Saturday, September 17, 2005

THE BAD SLEEP WELL (1960) - Akira Kurosawa

“It’s hard being evil.” These are the words uttered by a bespectacled, virtually unrecognizable Toshiro Mifune midway through Kurosawa’s The Bad Sleep Well when he finds himself in way over his head in an elaborate revenge plot aimed at the corporate big wigs who brought about his father’s tragic death. The problem isn’t Nishi’s (Mifune) smarts or motivation; his plan is viable and well thought out. It’s the fact that, at heart, he’s a good person. And in 1950s corporate Japan (or 21st century corporate America for that matter), that simply just won’t cut the mustard.

The corporation in question is an Enron-like monolith of corruption, constantly rocked by headline scandals which, much like with Enron, never seem to stick to the big wigs in charge. You see, the big wigs here have one secret weapon to cover their tracks. No, not “rolling blackouts,” elaborate Ponzi schemes, or Arthur Andersen's creative accounting measures. It’s a little thing called suicide. Honor-bound self-extermination…no mess, no math, no hit man required. This is where the Enron similarities pretty much end. Our evil American corporate big-wigs don’t do shame or “honor.” They just get their lawyers involved.
 
Apparently though, in hari-kari friendly 50s corporate Japan, this method is even easier than pulling the trigger. Executives at the corporation have been easily persuaded into jumping out the windows in droves in order to prevent the scandals from climbing any higher. (Sidebar: The Coen Brothers MUST have screened this movie before doing The Hudsucker Proxy, then promptly turned it into a comedy). When Nishi finds out his father was one such jumper, he decides to seek revenge by switching his identity, marrying the Biggest big-wig’s crippled daughter, and working his way up the corporate ranks so that he may expose the corruption with hard proof. He does this mainly by saving the lives of two suicidal executives, helping them to fake their own death, then keeping them alive to use them as witnesses to bring down the Big Board. But there’s one little problem – he never expected to fall in love with the boss’s daughter, who will be ruined if her corrupt father is exposed. Talk about a Ponzi scheme…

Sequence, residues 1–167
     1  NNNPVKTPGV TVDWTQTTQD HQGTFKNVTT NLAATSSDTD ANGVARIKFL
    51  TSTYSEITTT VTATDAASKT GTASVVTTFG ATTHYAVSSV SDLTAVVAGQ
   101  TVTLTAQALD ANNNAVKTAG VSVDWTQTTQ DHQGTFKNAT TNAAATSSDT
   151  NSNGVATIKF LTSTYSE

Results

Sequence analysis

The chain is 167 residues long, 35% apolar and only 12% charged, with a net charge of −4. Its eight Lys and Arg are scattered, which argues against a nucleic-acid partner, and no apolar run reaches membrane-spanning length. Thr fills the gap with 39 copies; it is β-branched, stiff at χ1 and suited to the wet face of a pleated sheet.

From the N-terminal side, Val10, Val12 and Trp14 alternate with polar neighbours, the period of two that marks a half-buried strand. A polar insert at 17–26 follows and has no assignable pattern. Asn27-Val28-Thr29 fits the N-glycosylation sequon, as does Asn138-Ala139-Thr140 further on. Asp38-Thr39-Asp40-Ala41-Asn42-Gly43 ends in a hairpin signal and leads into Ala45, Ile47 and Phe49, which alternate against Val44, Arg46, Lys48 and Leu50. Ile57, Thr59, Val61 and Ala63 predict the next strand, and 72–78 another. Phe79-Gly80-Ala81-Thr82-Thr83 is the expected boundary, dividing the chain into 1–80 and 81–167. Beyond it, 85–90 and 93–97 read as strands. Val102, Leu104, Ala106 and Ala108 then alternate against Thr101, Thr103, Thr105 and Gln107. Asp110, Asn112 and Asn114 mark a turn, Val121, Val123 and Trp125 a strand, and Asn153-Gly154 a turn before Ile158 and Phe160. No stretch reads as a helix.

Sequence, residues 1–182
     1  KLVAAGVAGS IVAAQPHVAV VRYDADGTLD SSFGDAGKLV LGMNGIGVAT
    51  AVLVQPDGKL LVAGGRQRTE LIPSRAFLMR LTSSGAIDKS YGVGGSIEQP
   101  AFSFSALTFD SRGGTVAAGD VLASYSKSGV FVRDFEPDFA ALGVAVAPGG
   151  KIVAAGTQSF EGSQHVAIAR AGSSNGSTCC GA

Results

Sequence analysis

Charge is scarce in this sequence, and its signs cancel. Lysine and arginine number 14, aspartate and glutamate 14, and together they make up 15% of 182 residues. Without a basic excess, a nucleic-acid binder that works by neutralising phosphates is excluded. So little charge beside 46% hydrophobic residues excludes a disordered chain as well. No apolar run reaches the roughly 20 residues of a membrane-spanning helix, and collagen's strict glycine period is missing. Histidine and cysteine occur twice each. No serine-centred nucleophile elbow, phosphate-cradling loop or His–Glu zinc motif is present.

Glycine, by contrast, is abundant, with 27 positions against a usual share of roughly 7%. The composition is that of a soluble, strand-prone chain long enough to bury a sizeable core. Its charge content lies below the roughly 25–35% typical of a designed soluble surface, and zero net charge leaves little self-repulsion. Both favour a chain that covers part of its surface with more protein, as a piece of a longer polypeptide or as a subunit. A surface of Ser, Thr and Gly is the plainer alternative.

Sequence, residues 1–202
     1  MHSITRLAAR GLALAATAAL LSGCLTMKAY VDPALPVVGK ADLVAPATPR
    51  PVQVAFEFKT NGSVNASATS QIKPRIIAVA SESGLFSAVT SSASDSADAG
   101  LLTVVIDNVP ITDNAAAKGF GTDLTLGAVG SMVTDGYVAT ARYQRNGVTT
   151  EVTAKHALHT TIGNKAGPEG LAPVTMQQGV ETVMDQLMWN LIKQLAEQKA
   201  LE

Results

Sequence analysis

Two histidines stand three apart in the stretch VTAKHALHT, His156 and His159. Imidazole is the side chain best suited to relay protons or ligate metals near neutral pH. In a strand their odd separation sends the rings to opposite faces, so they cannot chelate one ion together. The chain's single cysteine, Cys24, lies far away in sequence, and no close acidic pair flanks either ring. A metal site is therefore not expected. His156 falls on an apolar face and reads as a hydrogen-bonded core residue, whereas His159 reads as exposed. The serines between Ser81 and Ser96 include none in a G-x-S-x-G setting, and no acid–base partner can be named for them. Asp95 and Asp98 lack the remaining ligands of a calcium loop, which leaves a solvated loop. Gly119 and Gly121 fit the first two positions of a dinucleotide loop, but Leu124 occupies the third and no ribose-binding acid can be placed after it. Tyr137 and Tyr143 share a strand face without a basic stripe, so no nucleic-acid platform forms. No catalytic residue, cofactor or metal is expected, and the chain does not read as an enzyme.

The Bad Sleep Well has a dense, labyrinthine plot, but Kurosawa keeps you involved by peeling back layer upon layer of corruption slowly. He starts the film with a terrific wedding reception sequence, where tabloid journalists are crowding to get inside and a huge wedding cake in the shape of the corporate headquarters is rolled in with a single rose sticking out of the 7th floor window – the one from which Nishi’s father jumped. Everyone is appalled, except Nishi of course, who at first just seems like another cruel opportunist marrying his way up the corporate ladder until he’s later revealed to be the mastermind behind the plot.
 
Mastermind though he may be, Nishi sucks at “being bad.” His ultimate downfall is that, even in righteous revenge, he’s just not BAD ENOUGH. If your opponent is the type who’s willing to poison his own crippled daughter for your whereabouts, you have to realize you’ve entered a whole different BAD GUY BALLGAME all together.

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